Tuesday, 31 March 2009

BT pension fund halts all stock-lending

According to a report on Thomson Investment Management News. Here's the key section:
The BT Pension Scheme (BTPS) has suspended all stock lending on concerns that short-sellers using the shares could further hurt market sentiment, two sources close to the pension scheme said.

The BTPS, Britain's largest pension scheme, in September placed some 20 British and global financial companies on its list of stocks it had barred from lending, but has now widened the ban.

"The BT Pension Scheme stopped all stock lending not just on financial stocks some months ago. Cannot say if the (decision) is permanent but it is still considered to be prudent at this time," one of the sources said.

This, I would suggest, is a pretty big deal, as BT is the biggest pension fund in the UK. Some of the feedback you get from in-house staff at funds is that such moves are driven by trustees, and it's sometimes an ill-informed decision. But the BT trustees are a pretty competent bunch, and surely recipients of much more specialist and expert advice than many others out there. So this must be quite a significant decision.

It may also suggest that the theoretical assumptions around stock-lending and shorting are beginning to shift and part of a wider reassessment of views about how markets work - something that came up in the Turner Review. The Turner Review of course asked whether decisions about shorting should take into account the dangers of market irrationality - suggesting a rather broader conception of how financial markets operate. Could BT's decision suggestion something similar developing in relation to stock-lending?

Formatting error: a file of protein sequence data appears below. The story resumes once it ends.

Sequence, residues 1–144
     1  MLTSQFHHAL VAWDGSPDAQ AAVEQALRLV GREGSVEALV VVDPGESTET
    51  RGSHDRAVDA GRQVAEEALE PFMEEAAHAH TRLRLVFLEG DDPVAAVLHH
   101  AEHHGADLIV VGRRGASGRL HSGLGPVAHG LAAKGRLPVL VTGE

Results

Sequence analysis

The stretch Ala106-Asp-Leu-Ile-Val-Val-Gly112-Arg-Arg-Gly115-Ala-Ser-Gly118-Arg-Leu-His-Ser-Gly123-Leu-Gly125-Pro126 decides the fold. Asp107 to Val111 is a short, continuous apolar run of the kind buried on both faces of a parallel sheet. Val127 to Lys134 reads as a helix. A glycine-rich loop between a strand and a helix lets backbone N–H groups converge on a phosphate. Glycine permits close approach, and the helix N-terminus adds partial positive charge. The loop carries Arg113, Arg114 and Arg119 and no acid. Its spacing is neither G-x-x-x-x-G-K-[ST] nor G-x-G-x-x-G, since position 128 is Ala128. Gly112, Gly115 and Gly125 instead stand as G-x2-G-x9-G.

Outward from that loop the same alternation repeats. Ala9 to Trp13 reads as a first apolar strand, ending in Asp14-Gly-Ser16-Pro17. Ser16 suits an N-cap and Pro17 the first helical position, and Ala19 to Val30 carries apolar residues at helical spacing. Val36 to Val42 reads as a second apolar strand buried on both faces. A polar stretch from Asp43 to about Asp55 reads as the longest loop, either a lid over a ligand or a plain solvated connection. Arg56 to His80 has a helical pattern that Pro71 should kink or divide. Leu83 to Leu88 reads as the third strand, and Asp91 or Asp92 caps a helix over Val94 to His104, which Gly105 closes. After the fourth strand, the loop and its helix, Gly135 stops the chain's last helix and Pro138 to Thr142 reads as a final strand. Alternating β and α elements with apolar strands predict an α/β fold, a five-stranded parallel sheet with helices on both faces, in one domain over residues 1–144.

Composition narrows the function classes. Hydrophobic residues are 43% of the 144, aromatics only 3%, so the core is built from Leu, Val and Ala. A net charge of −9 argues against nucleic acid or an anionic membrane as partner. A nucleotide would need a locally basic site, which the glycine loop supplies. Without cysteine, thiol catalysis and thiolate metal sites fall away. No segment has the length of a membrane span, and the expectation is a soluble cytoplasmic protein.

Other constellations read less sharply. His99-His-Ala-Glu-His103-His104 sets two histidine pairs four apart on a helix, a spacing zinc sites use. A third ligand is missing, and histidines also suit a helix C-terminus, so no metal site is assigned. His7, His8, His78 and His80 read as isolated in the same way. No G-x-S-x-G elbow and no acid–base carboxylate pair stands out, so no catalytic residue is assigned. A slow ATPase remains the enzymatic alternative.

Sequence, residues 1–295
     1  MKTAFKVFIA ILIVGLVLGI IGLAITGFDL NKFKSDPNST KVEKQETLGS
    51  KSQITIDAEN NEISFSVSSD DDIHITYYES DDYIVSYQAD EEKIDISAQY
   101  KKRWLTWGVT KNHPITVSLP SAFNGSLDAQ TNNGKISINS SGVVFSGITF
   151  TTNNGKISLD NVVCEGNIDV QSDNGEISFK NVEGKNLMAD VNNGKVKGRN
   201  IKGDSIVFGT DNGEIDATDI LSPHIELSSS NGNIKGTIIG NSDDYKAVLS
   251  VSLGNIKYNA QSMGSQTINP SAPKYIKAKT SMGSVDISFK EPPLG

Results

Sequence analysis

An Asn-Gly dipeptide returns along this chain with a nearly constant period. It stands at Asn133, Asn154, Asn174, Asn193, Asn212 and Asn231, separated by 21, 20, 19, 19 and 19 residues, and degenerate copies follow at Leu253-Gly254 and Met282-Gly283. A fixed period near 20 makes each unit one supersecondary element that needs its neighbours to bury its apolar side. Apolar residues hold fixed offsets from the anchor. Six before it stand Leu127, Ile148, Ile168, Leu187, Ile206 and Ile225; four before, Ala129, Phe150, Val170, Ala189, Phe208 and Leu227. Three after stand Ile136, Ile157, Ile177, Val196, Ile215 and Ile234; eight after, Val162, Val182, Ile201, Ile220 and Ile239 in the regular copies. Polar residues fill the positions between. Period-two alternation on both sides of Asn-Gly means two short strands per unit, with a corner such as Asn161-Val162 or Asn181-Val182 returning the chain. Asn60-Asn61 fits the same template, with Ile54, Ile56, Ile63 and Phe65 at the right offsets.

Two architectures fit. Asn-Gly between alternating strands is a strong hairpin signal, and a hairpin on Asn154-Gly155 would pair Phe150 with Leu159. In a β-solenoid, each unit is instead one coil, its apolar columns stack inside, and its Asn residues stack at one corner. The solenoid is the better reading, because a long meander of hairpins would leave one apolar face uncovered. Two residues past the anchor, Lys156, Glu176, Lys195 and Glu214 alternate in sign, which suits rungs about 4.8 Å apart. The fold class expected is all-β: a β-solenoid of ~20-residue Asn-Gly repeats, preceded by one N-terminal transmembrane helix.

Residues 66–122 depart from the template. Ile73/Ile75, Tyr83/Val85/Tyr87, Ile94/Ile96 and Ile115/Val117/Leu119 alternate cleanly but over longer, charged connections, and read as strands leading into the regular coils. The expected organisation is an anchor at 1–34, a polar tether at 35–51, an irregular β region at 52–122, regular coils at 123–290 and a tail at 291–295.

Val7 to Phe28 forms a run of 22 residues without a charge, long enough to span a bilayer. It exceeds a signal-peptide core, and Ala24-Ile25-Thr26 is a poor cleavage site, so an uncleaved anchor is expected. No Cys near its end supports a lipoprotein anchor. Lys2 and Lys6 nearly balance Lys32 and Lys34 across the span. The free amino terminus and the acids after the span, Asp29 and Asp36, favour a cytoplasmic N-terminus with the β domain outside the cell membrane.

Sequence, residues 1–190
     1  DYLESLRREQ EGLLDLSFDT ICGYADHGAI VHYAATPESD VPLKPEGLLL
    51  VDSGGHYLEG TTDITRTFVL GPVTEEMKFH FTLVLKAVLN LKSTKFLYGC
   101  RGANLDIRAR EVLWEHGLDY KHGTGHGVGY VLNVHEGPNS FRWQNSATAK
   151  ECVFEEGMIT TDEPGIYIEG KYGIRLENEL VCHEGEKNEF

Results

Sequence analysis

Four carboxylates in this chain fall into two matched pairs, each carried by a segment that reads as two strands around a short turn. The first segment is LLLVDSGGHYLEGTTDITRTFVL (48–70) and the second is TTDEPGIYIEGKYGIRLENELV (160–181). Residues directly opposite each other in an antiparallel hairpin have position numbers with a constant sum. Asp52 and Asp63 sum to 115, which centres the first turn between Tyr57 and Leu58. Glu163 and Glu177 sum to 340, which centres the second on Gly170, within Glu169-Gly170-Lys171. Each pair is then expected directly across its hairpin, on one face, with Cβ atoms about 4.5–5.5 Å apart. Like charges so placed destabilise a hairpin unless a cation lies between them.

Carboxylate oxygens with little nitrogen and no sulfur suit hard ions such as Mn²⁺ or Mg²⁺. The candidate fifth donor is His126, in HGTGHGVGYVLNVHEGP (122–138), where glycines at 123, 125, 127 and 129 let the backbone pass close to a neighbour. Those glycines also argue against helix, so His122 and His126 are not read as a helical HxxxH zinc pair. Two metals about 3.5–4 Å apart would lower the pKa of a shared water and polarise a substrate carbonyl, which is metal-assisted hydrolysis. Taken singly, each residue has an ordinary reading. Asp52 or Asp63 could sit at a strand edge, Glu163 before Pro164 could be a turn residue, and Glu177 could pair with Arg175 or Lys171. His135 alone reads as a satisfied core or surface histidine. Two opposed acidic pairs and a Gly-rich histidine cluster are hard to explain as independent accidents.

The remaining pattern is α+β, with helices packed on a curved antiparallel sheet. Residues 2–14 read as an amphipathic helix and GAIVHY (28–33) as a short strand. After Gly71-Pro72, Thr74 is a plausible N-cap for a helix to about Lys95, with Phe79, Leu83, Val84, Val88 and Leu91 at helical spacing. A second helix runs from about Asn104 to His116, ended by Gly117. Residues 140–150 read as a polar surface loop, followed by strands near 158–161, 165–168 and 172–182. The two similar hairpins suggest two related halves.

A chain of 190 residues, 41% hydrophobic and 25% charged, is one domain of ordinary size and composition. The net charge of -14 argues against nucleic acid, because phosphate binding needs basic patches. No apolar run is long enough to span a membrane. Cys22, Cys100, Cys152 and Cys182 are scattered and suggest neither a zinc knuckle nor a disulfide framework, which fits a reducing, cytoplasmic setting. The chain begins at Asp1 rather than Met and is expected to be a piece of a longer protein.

I'll briefly restate my own views here. I'm not particularly bothered by shorting in principle - because I think that it's just a set of trades so no better or worse than any other - but nor do I buy the argument that it plays as positive function as it enables negative sentiment to be expressed. A (sort of) comparable argument would be that borrowing money to buy shares is a good for markets as it allows vakuable positive sentiment to be properly expressed. And all that extra trading must be (in aggregate) a cost to someone, somewhere.

Stock-lending does provide an income for long-term investors, but it also confuses the ownership question. First, you may lend to someone who shorts the company - is that in your long-term interest? Second, you may lose the voting rights, meaning that the oversight of corporate governance is reduced. So I think there are questions for investors to ask (and some may conclude that actually the lending income is worth more).

These are by no means straightforward issues, but it does seem that sentiment is turning away from the simple mantra that shorting and stock-lending are good for liquidity and market efficiency.

3 comments:

zedman said...

BT's decision is directly at odds with the view expressed recently by the head of the NAPF. In January, Chris Hitchin encouraged pension funds not to stop lending securities while maintaining that each fund needed to take its individual decision. It is also a move in the opposite direction of LPFA which has just announced its return to lending.
BT has always been an activist investor and in my view the portfolio has never been appropriate for lending. Hermes had its own securities lending business until relatively recently when they decided to outsource to its custodian. I can't help but think that the motivation has less to do with whether securities lending is a positive/negative activity and more to do with the fund dynamics itself. It is entirely their decision whether to participate in lending or not, but it shouldn't be dressed as something it isn't.

Tom P said...

Hi Zedman

Fair points. I assume this applies across the BT fund's portfolio, rather than just the bits managed by Hermes? Presumably the latter isn't actually that much of the total these days since they flogged off the index-tracking bit to L&G.

I agree that some funds are heading in the opposite direction, hence my comment that some pensions managers think the trustees are taking the wrong action. But I do think there is going to be a bit more policy interest in these issues going forward. FSA is sposed to be taking a look at stock-lending - dunno if you've seen any info rabout what this is going to cover?

zedman said...

Correct - leaving securities lending was tied to the shift to L&G.
Not aware of anything new at FSA regarding stock lending, other than the work they were doing for IOSCO. IOSCO has acknowledged the value of short selling and securities lending while at the same time inviting commentary for transparency & reporting etc. Will see if anything else is going on outside of that.